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How To Start A Regional Men's Group

 WE ARE LIVING IN CHALLENGING TIMES FOR MEN when we all need to support one another – especially men who profess to believe in Christ. Many guys often say how great it would be to get together with other men to build strong relationships and grow together spiritually. However, one of the typical responses these same men often give when asked to consider starting a men’s group in their local area is: "Me, run a men’s group? I don’t think so! I’m not qualified to run a group like that…"

 Card reading Men's Prayer

MANY OF US IN THE CHURCH, and generally more men than women, believe we have to be qualified in theology or catechetics, or be some form of faith expert, to lead or facilitate any type of group. Well, I’ve got some good news for you – starting a men’s group in your parish or local area is not as challenging as you may think. You don’t have to be a spiritual giant or Scripture scholar to get the ball rolling. You only need to want to grow in your Christian vocation and discuss faith and life with other men. Let me show you some steps you can take to start a men’s group in your region.

Face of a Priest Get the Church’s Blessing
Whether it is a parish or local men’s group, it is important to let the Parish Priest know what’s going on. Let him know that you would like to start a men’s group who want to obey the teachings of the Church and simply love our Lord Jesus Christ through prayer, study and fellowship.

Update the Parish Priest regularly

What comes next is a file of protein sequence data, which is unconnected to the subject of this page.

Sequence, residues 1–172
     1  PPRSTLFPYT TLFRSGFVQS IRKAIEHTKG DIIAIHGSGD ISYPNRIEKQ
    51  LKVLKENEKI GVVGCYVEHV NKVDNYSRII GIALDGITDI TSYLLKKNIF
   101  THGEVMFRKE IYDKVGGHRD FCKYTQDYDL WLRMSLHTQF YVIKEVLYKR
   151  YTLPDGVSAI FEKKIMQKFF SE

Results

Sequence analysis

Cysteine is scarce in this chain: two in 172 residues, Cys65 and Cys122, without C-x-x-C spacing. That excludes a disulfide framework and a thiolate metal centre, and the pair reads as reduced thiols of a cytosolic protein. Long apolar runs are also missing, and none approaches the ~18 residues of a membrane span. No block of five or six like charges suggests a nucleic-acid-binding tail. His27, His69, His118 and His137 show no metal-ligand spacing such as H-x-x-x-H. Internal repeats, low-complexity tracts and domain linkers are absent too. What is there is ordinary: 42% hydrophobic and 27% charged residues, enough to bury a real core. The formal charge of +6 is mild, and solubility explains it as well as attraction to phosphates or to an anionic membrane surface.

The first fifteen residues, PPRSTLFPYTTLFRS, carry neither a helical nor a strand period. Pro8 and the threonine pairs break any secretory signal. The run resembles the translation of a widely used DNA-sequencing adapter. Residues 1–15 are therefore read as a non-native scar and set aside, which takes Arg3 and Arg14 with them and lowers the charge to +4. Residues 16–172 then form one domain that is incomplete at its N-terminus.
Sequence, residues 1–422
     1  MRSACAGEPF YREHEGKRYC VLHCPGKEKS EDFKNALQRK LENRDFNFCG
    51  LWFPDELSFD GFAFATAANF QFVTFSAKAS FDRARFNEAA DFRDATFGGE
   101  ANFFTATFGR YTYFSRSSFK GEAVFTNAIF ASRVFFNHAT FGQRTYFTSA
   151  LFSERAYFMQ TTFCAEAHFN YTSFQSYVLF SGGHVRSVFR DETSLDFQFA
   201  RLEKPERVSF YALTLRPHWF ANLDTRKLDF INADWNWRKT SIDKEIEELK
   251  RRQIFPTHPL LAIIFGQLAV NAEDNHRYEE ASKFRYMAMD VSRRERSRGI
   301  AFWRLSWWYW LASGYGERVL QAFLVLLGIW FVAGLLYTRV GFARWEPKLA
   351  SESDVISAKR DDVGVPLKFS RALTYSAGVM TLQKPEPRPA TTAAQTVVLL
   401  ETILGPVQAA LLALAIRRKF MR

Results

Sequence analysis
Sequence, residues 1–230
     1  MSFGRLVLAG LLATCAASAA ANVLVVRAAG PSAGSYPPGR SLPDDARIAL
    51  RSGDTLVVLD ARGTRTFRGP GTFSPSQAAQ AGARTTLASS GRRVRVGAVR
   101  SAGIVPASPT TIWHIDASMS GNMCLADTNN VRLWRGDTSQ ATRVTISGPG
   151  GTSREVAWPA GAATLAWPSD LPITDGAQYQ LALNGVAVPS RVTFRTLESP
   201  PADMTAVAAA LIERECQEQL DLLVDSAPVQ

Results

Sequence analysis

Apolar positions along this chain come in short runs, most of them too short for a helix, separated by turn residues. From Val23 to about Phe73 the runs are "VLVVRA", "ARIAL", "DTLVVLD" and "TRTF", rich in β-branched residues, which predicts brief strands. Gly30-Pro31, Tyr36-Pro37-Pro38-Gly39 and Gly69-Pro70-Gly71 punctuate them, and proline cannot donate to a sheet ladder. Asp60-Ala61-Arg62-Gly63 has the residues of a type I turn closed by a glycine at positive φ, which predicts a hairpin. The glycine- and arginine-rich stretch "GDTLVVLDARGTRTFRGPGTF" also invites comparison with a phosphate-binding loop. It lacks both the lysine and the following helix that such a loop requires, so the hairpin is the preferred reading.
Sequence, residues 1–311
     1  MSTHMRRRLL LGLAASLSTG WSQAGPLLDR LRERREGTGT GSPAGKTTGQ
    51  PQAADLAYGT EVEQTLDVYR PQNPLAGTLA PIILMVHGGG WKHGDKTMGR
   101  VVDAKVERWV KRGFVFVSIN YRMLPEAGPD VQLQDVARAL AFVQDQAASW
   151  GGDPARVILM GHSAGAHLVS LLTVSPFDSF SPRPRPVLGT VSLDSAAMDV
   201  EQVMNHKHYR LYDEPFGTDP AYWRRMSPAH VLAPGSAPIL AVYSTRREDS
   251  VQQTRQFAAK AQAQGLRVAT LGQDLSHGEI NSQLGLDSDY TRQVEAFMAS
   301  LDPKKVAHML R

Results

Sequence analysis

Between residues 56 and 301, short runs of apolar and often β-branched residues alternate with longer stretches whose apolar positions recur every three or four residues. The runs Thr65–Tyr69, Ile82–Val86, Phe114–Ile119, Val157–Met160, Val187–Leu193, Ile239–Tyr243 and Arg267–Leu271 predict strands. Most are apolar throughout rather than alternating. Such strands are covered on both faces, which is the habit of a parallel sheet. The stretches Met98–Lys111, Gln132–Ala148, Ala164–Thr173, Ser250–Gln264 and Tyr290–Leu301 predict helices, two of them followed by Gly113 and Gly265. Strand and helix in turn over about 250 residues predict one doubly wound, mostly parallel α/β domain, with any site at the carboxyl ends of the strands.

Try and meet briefly with the Parish Priest on a three-monthly or so basis and let him know what you are up to and that you want to support him in applying the Lord’s vision for the parish. If he is a difficult man to track down at times then drop him a succinct note into the priest’s house. Above all, let him know what is going on.

Find a Couple of Other Men
Start small! You only need two or three others to begin. Remember in Matthew 18:20 where Jesus speaks of Him being present when two or more are gathered in His Name. Get started. Plant the seed. Allow God to nurture it, and it will grow! You may want to ask your Parish Priest if he knows of any men who might be interested in joining a men’s group.

Arrange a Place to Meet
If the group is small then it is fine to meet in someone’s house – your own maybe. Men who want to meet often don’t care about the décor and setting. The meeting place can be a shed or garage even, as long as it is private, accessible and not too cold or uncomfortable. If you choose to meet in a home then it is good to rotate the meeting place so that one person is not always burdened with hosting. 
Alternatively, you may wish to discuss meeting in a parish room of sorts. Chat this through with the Parish Priest, or with the Parish Secretary after your initial briefing with him, to find out what room(s) might be available.

Running a Meeting